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Life/Death: The Jeju Genocide, Necropower, and South Korean Subimperialism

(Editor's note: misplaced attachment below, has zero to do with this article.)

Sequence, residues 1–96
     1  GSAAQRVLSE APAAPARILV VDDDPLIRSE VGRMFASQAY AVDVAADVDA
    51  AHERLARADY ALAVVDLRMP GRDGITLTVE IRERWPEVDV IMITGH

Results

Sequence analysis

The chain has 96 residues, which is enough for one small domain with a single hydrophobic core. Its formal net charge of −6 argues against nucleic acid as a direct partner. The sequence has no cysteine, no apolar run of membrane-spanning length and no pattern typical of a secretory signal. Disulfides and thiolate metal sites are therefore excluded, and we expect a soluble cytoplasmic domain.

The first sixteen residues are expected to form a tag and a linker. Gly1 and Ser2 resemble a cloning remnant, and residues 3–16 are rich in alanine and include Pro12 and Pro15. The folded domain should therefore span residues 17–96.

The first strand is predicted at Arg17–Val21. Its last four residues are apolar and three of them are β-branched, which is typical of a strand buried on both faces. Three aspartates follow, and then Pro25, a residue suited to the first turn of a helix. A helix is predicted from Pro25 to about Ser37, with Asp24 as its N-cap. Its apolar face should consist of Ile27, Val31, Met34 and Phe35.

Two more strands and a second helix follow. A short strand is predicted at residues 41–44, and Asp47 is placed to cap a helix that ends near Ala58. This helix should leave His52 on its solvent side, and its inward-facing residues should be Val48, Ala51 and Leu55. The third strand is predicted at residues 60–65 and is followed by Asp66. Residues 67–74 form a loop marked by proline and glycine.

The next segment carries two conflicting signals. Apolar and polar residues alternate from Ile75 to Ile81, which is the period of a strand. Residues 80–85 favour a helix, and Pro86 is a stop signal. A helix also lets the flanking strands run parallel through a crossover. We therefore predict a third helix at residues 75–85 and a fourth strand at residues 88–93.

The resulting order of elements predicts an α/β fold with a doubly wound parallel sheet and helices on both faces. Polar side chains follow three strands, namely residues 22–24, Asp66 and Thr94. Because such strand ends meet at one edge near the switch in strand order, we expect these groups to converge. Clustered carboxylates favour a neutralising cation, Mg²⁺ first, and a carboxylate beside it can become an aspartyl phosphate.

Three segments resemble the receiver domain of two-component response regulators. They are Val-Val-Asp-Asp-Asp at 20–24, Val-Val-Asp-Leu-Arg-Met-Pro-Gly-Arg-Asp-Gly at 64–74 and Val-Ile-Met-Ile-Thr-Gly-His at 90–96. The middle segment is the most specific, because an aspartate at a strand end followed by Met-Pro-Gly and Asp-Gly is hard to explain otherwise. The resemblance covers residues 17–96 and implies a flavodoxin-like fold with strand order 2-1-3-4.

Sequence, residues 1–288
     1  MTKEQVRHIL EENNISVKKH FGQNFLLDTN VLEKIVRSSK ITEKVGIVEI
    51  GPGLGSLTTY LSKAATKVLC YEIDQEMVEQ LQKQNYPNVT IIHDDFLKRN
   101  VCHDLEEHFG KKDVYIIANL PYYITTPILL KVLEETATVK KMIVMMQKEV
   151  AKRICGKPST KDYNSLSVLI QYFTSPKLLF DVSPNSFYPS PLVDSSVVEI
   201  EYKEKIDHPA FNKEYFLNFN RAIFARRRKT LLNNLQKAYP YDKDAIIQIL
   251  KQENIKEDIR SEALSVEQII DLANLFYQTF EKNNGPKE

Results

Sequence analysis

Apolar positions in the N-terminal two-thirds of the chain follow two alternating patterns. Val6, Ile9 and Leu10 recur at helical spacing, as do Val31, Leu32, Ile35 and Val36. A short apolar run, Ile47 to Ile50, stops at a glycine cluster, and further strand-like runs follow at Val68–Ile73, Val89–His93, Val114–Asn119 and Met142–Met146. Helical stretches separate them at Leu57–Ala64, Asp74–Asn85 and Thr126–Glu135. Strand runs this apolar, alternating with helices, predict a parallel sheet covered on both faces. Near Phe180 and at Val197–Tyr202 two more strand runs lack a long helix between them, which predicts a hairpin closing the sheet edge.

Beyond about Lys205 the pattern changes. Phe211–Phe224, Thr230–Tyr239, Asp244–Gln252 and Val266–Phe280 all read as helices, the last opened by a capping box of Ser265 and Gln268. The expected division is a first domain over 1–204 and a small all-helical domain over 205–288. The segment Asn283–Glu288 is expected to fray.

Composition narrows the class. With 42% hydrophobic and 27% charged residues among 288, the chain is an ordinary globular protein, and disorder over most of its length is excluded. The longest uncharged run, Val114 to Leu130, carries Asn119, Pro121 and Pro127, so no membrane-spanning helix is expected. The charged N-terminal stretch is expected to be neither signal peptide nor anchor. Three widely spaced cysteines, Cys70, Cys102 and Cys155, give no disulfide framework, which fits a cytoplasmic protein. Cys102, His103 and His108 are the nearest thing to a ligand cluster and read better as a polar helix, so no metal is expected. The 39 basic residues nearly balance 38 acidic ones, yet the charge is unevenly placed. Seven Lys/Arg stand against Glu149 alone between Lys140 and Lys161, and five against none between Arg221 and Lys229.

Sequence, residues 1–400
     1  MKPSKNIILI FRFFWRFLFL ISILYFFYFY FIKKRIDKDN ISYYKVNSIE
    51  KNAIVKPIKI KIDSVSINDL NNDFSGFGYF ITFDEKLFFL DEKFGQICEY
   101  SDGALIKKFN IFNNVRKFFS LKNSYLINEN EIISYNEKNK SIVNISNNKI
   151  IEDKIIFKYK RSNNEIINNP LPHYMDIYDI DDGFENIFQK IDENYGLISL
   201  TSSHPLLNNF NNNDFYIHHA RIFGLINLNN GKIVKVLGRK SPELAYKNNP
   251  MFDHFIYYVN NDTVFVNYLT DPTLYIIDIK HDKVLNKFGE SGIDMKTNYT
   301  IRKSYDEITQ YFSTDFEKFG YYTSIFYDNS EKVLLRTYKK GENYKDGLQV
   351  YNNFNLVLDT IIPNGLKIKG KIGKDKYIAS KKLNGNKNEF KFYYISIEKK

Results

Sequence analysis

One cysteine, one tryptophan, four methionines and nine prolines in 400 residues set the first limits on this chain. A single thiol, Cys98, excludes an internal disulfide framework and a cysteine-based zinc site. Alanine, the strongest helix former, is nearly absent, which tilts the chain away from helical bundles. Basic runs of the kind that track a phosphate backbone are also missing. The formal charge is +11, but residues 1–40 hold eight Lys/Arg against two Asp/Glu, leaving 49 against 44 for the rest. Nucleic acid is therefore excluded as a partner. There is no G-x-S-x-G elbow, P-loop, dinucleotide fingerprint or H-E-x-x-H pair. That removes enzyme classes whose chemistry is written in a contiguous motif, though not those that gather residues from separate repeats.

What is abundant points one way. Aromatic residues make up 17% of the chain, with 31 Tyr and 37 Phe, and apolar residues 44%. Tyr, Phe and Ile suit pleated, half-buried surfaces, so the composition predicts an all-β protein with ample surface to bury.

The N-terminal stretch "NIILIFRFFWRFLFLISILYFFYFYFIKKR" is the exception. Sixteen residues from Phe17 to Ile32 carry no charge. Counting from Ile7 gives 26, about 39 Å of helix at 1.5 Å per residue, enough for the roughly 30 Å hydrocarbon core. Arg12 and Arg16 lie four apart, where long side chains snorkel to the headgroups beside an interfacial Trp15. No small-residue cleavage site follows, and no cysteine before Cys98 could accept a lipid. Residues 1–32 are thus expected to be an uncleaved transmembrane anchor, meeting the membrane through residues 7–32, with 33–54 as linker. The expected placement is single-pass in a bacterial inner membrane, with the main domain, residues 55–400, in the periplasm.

This volume narrates a social science history of the making of South Korea, i.e., an entity entangled with post-1945 US imperialism and the consequential division of the Korean peninsula. The volume emphasizes the penal experiences of “life/death,” the discrepancy between physiological and spiritual predicaments that the survivors, victims, and even perpetrators cannot escape. The “South” Korean people’s experiences of life/death were put in motion from the transformative historical event that the author calls “the Jeju Genocide,” which structured South Korean subimperialism from March 1947 onward. The genocide victims (aka., “communist anti-nationals”) became physiologically dead, but their specters have been constantly summoned as if they are still alive by the genocide perpetrators (including some of the subimperial elites). The genocide perpetrators physiologically lived for decades after the genocide. However, they lived as “living corpses” (drawn from Arendt), having lost their human spirit due to their persistent incapability of recognizing the other’s deaths due to their embodiment of South Korean subimperialism. The genocide survivors also have subsisted physiologically, but their spirits have been dead ever since they had to kill their communal selves of being Jeju Sareums (people), were uprooted from their homes and were forced to embody South Korean subimperialism. Beyond critiquing “South” Korean people’s own agency (hence responsibility) in the entrenchment of US imperialism, it questions whether the transitional justice process can undo the structural oppression encroached from the foundational violence. Rather, advocated in this volume is a form of subaltern politics that is closer to womanist and is definitely anti-masculinist. Theoretically, it speaks alongside Moon-Kie Jung, Patrick Wolfe, Achille Mbembe, Hannah Arendt, and Gayatri Spivak, among others. It employs a variety of historical methods, including contextualization of archival text, investigation of oral history materials with taxonomical sensibility, and extrapolation of the subaltern group’s agentic silence. It contributes to the burgeoning postcolonial turn of critical criminology and state crime scholarship. In the criminological term, a criminal empire-state (e.g., the US) instigates the emergence of other criminal states (e.g., South Korea), argued in this volume.
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